Scotland politics

Tory MSP Annie Wells faces week-long Holyrood ban over report leak

Annie Wells
Image caption Annie Wells was found to have breached the code of conduct for MSPs

A Scottish Conservative MSP is facing a five-day ban from Holyrood for making "advance comment" on an embargoed committee report.

The parliament's standards committee unanimously ruled that Annie Wells had breached the code of conduct for MSPs.

A complaint was made that the Tory MSP had "sought political advantage" by speaking out about prisoner voting before a report had been published.

MSPs will vote on the proposed ban, which would run from Monday to Friday.

Ms Wells insisted that she was not responsible for the original leak of the report, and said she had only commented on details which were already in the public domain.

The complaint was submitted by SNP MSP Gail Ross after details of a report from the equalities and human rights committee on prisoner voting appeared in a newspaper before it had actually been published.

Ms Wells and Ms Ross were both members of that committee at the time, and Ms Wells was opposed to the group's recommendation that prisoners serving custodial sentences should be given the right to vote.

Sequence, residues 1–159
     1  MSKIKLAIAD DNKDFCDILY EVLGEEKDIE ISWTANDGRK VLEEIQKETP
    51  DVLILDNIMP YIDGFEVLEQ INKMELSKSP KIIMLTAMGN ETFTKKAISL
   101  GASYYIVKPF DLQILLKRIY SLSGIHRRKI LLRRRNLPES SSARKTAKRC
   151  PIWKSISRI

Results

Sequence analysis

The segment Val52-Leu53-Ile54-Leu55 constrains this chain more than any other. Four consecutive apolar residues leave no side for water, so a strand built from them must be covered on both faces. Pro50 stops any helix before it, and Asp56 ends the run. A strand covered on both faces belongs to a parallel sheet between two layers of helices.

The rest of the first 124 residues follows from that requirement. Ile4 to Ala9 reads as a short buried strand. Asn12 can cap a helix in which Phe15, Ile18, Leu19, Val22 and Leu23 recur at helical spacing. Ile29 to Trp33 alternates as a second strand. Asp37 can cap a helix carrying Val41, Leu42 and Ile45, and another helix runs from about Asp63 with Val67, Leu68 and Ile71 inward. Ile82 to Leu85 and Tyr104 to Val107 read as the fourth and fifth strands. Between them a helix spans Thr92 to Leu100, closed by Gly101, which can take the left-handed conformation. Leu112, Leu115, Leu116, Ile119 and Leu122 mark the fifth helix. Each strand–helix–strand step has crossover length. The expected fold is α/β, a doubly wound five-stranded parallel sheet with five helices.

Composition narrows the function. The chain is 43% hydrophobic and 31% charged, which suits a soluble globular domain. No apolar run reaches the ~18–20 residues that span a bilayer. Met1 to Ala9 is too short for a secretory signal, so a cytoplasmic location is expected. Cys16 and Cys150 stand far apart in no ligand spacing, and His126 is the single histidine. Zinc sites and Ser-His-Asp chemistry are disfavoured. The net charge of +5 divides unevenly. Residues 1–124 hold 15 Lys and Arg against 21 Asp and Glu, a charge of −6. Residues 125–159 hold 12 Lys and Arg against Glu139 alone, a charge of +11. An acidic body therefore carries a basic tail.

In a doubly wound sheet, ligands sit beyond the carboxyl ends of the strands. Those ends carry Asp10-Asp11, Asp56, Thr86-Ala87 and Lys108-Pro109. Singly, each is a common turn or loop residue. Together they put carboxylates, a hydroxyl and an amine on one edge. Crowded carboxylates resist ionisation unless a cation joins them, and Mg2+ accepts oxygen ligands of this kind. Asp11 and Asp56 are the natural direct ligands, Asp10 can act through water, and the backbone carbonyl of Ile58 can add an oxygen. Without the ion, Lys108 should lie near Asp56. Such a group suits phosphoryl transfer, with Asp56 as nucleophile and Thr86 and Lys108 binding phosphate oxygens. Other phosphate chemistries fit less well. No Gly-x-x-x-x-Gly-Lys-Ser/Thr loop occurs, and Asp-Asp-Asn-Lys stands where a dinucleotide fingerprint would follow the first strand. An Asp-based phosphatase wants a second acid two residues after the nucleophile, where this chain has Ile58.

Standards committee convener Bill Kidd said it unanimously found that Ms Wells had breached three paragraphs of the code of conduct for MSPs "by making public press comment in advance of the publication" of the report.

He said the group "considers that the breaches justify the imposition of sanctions", recommending that she be excluded from all meetings of the parliament and its committees for five days. Ms Wells would still be able to enter the parliament building and use her office, but not attend meetings in an official capacity.

Image caption Holyrood's standards committee recommended a five-day ban

Ms Wells insisted that she was not to blame for the report appearing in the original newspaper story, and had only commented on subsequent stories.

She said: "Numerous media outlets contacted our office seeking comment on a story on the front page of a national newspaper that morning on prisoner voting.

"So I responded to that, as every MSP would, by issuing a statement to them reiterating my opposition to allowing prisoners voting rights.

"My response did not contain details of the report that weren't already known, nor was I responsible for the original leak of the document to the paper, and we still don't know who was.

"Indeed, I did not receive the final report until after it had featured in the national media."

Full details of the complaint and the investigation into it will be published later on Thursday.

The week-long ban has precedent, with former MSPs Mike Pringle and Brian Monteith both having previously served five-day exclusions for leaking.

Independent MSP Mark McDonald was given a month-long ban after the ethical standards watchdog found that an "inappropriate" text message he sent to a woman constituted sexual harassment.

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